You are a tall-enough-to-reach-the-gas-pedal six-year-old standing in a small kitchen – the room wrapped in a window-full of dandelion sunset – and you’re being told, again, not to hurt the other kids. You’re stronger than them, and you might hurt them by accident, and then they won’t want to be friends; you’ve never actually hurt someone, they’re just worried.
The first time you really hit someone you are eight and it is the last time you really hit someone and that someone you first last hit was your older brother who always wanted to wrestle. There is so much blood coming from the same lips that goaded you just moments before and now they’re mouthing a poppy-stained “gonna tell mom.”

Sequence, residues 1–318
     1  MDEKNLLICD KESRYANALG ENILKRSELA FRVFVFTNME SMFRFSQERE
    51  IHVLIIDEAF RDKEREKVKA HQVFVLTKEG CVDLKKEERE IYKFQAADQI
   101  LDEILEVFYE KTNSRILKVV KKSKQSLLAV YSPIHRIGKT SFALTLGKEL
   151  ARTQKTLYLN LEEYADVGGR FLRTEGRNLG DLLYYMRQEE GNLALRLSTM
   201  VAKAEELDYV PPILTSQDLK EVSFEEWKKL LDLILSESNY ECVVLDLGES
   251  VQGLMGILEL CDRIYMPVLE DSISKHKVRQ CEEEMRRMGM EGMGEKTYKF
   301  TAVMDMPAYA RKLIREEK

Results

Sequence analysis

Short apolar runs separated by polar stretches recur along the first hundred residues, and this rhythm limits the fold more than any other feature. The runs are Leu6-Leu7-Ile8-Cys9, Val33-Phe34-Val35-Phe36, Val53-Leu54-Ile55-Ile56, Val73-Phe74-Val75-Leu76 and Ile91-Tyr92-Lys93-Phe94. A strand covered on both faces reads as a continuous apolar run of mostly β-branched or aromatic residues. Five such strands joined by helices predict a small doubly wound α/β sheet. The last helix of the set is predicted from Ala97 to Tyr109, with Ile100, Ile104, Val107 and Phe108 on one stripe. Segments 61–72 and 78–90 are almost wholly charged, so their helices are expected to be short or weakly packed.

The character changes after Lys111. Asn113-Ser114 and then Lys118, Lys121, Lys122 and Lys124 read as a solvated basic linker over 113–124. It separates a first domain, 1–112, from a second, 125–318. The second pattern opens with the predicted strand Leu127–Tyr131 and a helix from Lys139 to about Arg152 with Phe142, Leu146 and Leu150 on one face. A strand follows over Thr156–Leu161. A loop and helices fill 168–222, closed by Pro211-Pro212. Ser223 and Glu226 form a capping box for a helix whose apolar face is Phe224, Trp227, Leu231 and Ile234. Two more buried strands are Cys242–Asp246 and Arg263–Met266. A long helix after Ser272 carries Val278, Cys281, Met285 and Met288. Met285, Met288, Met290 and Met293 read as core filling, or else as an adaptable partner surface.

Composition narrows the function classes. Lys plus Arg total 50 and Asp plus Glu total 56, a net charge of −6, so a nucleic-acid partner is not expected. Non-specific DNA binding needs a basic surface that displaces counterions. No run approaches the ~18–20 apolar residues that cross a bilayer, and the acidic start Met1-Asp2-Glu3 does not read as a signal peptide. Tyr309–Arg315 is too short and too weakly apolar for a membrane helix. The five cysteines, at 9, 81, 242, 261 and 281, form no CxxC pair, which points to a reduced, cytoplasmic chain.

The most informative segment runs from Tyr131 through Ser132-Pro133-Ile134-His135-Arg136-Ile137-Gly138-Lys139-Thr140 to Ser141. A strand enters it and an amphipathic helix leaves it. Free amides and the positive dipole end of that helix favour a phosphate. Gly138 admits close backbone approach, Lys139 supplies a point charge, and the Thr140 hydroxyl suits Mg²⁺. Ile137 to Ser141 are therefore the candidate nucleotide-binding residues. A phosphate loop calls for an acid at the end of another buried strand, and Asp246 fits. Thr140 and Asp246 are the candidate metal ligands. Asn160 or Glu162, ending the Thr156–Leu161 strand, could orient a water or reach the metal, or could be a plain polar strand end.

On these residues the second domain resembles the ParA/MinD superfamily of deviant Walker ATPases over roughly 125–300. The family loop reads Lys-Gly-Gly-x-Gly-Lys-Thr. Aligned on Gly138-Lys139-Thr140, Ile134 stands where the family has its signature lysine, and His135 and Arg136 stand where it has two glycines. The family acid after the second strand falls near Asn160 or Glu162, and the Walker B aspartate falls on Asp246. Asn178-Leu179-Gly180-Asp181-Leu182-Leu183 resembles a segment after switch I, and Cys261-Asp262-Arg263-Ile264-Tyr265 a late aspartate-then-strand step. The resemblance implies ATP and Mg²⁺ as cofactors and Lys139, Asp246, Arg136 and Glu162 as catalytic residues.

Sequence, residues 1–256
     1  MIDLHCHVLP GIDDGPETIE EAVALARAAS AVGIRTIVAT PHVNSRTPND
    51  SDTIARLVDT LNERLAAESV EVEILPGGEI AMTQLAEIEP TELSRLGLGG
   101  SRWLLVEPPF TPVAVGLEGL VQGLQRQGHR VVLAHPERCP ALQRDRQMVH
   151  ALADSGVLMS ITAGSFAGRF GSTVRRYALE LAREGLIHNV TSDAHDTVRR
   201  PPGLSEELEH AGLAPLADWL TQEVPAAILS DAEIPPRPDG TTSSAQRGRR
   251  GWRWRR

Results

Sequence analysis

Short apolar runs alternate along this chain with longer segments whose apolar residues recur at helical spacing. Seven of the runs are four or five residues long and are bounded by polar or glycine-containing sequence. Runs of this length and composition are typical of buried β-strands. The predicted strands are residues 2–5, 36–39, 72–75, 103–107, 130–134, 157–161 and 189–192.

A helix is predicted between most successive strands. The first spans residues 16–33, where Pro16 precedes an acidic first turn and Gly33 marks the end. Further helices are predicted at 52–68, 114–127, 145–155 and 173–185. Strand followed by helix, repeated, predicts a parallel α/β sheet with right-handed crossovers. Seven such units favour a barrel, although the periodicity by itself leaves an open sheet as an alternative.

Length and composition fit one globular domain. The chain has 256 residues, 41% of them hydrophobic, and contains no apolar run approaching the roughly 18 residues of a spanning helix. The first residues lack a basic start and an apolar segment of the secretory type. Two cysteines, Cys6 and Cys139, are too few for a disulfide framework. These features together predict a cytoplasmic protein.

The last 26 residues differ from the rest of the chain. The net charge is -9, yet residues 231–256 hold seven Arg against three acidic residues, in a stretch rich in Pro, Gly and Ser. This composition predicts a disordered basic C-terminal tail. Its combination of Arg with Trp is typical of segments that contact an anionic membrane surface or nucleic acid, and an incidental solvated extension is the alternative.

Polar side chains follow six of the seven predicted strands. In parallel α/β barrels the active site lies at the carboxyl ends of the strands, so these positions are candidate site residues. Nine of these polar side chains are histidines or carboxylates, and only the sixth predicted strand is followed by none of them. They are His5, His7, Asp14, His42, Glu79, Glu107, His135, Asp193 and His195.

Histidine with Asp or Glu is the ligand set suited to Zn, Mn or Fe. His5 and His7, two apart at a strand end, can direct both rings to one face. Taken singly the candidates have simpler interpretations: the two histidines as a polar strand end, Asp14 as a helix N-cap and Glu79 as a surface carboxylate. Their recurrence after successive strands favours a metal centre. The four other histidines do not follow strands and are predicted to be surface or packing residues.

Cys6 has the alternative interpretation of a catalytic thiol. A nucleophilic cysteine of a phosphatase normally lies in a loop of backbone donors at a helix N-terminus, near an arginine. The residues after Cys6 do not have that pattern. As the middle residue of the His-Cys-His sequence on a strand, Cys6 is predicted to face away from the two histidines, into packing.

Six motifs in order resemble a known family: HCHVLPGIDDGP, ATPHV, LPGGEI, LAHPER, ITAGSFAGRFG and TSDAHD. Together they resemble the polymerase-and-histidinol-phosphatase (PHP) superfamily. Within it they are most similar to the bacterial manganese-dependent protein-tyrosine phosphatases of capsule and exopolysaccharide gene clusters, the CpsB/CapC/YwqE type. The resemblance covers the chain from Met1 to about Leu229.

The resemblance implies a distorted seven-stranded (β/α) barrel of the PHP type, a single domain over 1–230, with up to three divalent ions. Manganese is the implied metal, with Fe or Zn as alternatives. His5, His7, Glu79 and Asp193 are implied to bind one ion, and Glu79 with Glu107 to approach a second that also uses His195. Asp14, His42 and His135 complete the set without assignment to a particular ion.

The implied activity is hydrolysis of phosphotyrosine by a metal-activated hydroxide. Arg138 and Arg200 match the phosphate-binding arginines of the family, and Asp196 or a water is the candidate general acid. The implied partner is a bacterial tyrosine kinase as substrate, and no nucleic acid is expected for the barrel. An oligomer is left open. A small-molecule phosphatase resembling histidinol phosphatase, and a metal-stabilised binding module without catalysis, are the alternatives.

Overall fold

A year later you learn why you have always tried to walk in your mother’s eggshell J. C. Penney heels. You tell no one. You stop touching other guys.
You stop touching.
The girl who lives one floor up in the freshman dorm learns you don’t touch people by a poorly hid flinch. She tries to break you. She’s trying to help. She doesn’t understand that she’s small and can be hurt if you’re not careful. You never hurt her; you’re always careful.
You stop being careful just as junior you learns not to touch people while drunk, not when they flinch like that, not that you hurt him but you remind him of someone who did, not that you’ve railed at him but you smell like someone when you drink too many margaritas.
He sits next to you the next day. You’re careful. You’re sober. His leg is touching yours. You obsess over trust.
You won’t hurt then, I promise. You won’t
focus on each touch forever,
fixate on each bump or nudge,
hug while holding your breath
Every gesture of comfort and comradery will weigh less each time.
Joel Rea is a BFA in Creative Writing holder from Maine. He mostly writes fiction, but has lately been drawn in more lyrical directions.